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Pentakota Latchanna and anr. Vs. Vugginna Kannayamma - Court Judgment

LegalCrystal Citation
SubjectCriminal
CourtChennai
Decided On
Reported inAIR1947Mad120; (1946)2MLJ279
AppellantPentakota Latchanna and anr.
RespondentVugginna Kannayamma
Cases ReferredMalai v. Emperor
Excerpt:
- - triable under this chapter' means, of course, any offence triable under the procedure laid down for the trial of summons cases, and, although section 246 does not contain any explicit prohibition of the procedure now complained against, it is quite obvious that such prohibition is implied in it and that, once a magistrate has taken cognizance of a summons case, he cannot convict an accused person for anything but an offence triable as a summons case......the petitioners were first indicted under sections 426 and 352 of the indian penal code and the summons procedure was followed upto a certain stage. subsequently the trying magistrate felt that the evidence disclosed offences under sections 379 and 352 of the code and decided to adopt the warrant case procedure. it is admitted that thereafter the provisions of chapter xxi were duly followed and ultimately the petitioners were convicted under sections 379 and 352 of the code. objection was taken to this course and it was pointed out that under sections 244 and 245 of the code of criminal procedure the magistrate was bound, at the stage when he attempted to convert the summons case into a warrant case when he found that no case had been made out under sections 426 indian penal code, to.....
Judgment:
ORDER

Yahya All, J.

1. The petitioners were first indicted under Sections 426 and 352 of the Indian Penal Code and the summons procedure was followed upto a certain stage. Subsequently the trying Magistrate felt that the evidence disclosed offences under Sections 379 and 352 of the Code and decided to adopt the warrant case procedure. It is admitted that thereafter the provisions of Chapter XXI were duly followed and ultimately the petitioners were convicted under Sections 379 and 352 of the Code. Objection was taken to this course and it was pointed out that under Sections 244 and 245 of the Code of Criminal Procedure the Magistrate was bound, at the stage when he attempted to convert the summons case into a warrant case when he found that no case had been made out under Sections 426 Indian Penal Code, to acquit the accused and he was not entitled to register a case under Section 379 and proceed under Chapter XXI. With regard to this contention at one time it found acceptance in this Court. In Rajaratnam Pillai, In re : (1936)70MLJ340 Kins J said this:

'Triable under this chapter' means, of course, any offence triable under the procedure laid down for the trial of summons cases, and, although Section 246 does not contain any explicit prohibition of the procedure now complained against, it is quite obvious that such prohibition is implied in it and that, once a Magistrate has taken cognizance of a summons case, he cannot convict an accused person for anything but an offence triable as a summons case.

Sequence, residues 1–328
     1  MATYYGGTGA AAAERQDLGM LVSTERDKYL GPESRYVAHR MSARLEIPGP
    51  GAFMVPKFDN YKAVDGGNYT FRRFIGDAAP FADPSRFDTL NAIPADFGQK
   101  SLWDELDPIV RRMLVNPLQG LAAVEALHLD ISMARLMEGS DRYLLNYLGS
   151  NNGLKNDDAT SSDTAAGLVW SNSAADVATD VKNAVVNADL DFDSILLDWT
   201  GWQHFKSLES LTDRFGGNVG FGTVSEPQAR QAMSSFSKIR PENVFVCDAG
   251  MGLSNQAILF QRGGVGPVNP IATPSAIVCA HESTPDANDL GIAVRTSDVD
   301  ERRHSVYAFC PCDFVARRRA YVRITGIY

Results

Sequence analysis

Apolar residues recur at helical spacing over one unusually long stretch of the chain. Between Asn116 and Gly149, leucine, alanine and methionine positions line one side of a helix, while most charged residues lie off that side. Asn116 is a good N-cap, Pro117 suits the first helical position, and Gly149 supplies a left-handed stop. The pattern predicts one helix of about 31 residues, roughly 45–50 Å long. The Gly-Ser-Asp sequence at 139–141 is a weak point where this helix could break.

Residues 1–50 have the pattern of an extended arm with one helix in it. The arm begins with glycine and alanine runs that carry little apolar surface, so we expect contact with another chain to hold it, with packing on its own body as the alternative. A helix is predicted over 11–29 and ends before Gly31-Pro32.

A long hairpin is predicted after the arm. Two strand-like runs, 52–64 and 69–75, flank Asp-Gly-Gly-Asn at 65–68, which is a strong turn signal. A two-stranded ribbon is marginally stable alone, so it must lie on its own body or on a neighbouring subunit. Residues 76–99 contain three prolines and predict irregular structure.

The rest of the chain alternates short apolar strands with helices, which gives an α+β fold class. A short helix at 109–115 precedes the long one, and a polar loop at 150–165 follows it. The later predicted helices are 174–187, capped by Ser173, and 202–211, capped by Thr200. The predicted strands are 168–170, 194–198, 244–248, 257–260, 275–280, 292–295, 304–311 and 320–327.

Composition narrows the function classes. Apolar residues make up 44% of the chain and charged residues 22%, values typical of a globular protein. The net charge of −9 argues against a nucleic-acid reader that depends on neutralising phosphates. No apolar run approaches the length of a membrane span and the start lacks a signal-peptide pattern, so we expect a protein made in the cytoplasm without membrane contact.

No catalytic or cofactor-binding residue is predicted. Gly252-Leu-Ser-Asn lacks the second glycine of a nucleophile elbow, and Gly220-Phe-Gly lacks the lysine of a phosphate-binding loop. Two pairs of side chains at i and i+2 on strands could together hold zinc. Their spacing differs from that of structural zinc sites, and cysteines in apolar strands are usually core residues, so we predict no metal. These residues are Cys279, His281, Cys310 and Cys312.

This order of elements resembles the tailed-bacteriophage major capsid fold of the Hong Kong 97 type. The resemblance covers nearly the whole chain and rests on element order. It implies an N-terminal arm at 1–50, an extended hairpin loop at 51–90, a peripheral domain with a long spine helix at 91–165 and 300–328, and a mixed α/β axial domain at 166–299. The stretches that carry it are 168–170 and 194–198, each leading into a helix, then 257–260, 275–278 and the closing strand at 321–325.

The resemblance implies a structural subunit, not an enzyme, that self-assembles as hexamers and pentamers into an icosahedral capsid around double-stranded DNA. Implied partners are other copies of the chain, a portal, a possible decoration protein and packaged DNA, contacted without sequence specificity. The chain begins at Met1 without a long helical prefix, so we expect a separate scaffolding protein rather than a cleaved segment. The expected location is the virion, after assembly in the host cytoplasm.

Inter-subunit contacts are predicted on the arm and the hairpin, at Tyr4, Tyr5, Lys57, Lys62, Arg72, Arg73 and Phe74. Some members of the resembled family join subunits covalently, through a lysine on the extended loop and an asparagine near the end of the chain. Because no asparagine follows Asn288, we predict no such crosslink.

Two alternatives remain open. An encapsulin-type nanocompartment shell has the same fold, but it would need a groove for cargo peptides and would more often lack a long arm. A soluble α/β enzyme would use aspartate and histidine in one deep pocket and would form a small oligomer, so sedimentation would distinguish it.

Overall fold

This view was dissented from by Burn, J., in Venkataramanier v. Varadarajulu Chetti 1938 M.W.N. 109. Referring to the decision cited above, the learned Judge observed,

With all respect to King, J., I am unable to follow the reasoning in Rajaratnam Pillai v. Emperor : (1936)70MLJ340 .... If a Magistrate begins a trial as a summons case and then finds that an offence triable only under warrant case procedure has been committed, he is, I think, bound to apply warrant case procedure thenceforward and he is not in any way disqualified from proceeding with the trial.

The question came up later before King, J., in Malai v. Emperor (1937) M.W.N. 981, and he reconsidered the opinion expressed by him in Rajaratnam Pillai, In re : (1936)70MLJ340 , and stated that the position had been set out in that case with some lack of precision. He did not adhere to the view that once a Magistrate has taken cognizance of an offence which is triable only according to the procedure applicable to summons case he must stick to that procedure. The learned advocate for the petitioners tried to show that the facts of the case before Burn, J., and the later case before King, J., were slightly different from the present case but I see no difference in principle. This contention must, therefore, be negatived.

2. On the merits, there is hardly anything to consider. The learned Joint Magistrate has found that the removal of the crop was not with a view to establish a right or supposed right and the trial Court has found that the removal was done with a dishonest intention. An offence under Section 352 of the Indian Penal Code has also been made out.

3. I see no reason to interfere with the conviction of the petitioners. The sentences are not unreasonable. The petition is dismissed.


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